Writing Essentials: Characters Part Three: Scum

>> Saturday, January 30, 2010

Yes, I know it should be a quote-a-thon. I just hate to break up a series.

Disclaimer: I'm not an expert on writing. I am not a published author, don't have any sort of English or writing degree, have never taught English or writing and, in fact, do something entirely different for a living. I am simply stating my opinion and caution any reader to assume that every statement described as if it were incontrovertible be assumed to include an "in my opinion" on it. This series is my own opinion as an aspiring writer to describe things I work to do in my own writing and what I look for when I read.

Relax Max, on two posts back, mentioned that a protagonist didn't have to be a "good" guy. I agree. When I write, however, my protagonists generally are "good", to my definition. I've had protagonists that could fit into the "not quite evil villain" category (though generally not because those people give me headaches. I hate when people can't think critically, so my protagonists rarely fit in there), but I don't like centering a book on a character I don't like (which I described here). And there are some things I will not accept except in an antagonist, the characteristics that, for me, make one truly and irredeemably evil. My list, of course, may not match yours. But, it's my blog, so I'll tell you.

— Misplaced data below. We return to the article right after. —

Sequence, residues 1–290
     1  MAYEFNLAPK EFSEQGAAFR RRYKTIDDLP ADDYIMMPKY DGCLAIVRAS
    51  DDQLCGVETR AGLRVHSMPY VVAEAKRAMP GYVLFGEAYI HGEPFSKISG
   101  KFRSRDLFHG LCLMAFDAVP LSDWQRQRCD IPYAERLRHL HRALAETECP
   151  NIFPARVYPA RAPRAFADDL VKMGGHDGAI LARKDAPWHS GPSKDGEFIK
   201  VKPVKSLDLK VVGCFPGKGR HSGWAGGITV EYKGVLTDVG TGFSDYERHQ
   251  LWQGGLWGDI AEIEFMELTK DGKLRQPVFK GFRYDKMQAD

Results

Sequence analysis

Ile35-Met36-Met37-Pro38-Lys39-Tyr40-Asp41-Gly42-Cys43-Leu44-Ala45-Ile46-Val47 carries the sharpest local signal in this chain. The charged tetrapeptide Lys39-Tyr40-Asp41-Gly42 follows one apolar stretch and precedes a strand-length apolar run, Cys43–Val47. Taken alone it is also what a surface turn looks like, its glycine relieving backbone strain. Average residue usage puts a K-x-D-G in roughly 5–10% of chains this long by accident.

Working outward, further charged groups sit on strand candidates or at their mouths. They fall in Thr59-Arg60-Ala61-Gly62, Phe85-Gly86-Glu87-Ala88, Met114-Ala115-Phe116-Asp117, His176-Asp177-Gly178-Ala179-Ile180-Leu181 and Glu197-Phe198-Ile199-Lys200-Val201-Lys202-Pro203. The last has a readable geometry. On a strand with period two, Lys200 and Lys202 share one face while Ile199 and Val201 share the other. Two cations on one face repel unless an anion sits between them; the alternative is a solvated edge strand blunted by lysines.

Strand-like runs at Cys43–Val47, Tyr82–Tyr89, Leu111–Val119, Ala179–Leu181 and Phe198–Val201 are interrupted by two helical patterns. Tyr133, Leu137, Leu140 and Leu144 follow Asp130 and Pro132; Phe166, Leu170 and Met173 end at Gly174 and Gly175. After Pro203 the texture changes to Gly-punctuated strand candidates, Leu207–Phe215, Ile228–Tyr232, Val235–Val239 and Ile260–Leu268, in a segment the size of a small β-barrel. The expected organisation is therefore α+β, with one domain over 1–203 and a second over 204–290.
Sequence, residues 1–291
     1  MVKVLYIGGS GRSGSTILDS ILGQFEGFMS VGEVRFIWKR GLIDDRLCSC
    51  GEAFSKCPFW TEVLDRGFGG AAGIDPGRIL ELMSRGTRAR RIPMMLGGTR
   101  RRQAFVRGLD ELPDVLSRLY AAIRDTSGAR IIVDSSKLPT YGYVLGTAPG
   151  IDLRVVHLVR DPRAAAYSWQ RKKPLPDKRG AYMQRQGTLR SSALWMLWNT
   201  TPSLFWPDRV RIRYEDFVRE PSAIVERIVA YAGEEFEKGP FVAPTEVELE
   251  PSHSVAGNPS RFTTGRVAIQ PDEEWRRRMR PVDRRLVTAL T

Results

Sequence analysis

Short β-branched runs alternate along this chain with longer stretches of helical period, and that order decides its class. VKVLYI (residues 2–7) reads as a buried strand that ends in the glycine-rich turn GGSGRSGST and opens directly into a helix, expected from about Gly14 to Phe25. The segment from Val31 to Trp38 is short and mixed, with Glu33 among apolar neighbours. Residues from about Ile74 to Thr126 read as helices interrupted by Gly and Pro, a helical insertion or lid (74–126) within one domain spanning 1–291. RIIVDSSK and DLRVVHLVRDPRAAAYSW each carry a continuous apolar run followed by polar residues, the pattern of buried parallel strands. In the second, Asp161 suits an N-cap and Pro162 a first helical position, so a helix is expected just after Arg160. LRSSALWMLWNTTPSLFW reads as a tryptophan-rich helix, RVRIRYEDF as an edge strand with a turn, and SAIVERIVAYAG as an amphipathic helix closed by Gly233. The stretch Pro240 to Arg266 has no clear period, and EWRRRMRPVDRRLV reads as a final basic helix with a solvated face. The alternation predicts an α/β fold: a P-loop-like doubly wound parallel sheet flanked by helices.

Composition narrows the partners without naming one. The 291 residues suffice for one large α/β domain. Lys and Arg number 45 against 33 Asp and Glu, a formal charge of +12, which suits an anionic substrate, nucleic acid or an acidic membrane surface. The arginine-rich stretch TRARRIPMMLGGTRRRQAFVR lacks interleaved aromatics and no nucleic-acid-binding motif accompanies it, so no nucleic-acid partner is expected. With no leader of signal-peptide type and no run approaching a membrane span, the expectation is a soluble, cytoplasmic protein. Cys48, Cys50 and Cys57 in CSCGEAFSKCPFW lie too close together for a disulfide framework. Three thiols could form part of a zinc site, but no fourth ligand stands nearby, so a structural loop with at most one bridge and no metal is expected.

True sadist. This is the sort of person who kills/torments for nothing more profound than self gratification and pleasure. I'm not fond of people who take pleasure in the agony of others. If you do, I don't even care if you're crazy. You're evil as far as I'm concerned. Albert Fish was a twisted horrific serial killer (fond of children and cannibalism and many other unsavory things). He was caught when he sent a letter to the parents of the ten year old girl he killed (and ate) describing in detail what he did. Ick.

Rapists of pretty much any flavor. I've never found any justification trotted out for this effective. To me, there's nothing at all redeemable in someone who would force another for whatever rationale they have. Send 'em after children, and you can't kill this character off too quickly (or too painfully) for my tastes.

People who manipulate others to do violence. You can be the poor grunt wielding the hot tongs without necessarily being a horrible person. If you're Joseph Mengele coming up with new ways to torment people, you are horrible. If you're the sort promoting violence or brain-washing others to do horrific things, you are scum.

People who would do "anything" for money or power. Yeah, yeah, greed is often in and I'm not talking about prostituting yourself so much as I am lying, cheating, stealing, killing, leaning on, etc. If you're willing to let someone else suffer the consequences for your own greed, you are not a good person. Could you be redeemed? Someone else might give you the benefit of the doubt. Me, I'd never probably trust you. Prostituting yourself is different from prostituting the people that trust you against their will.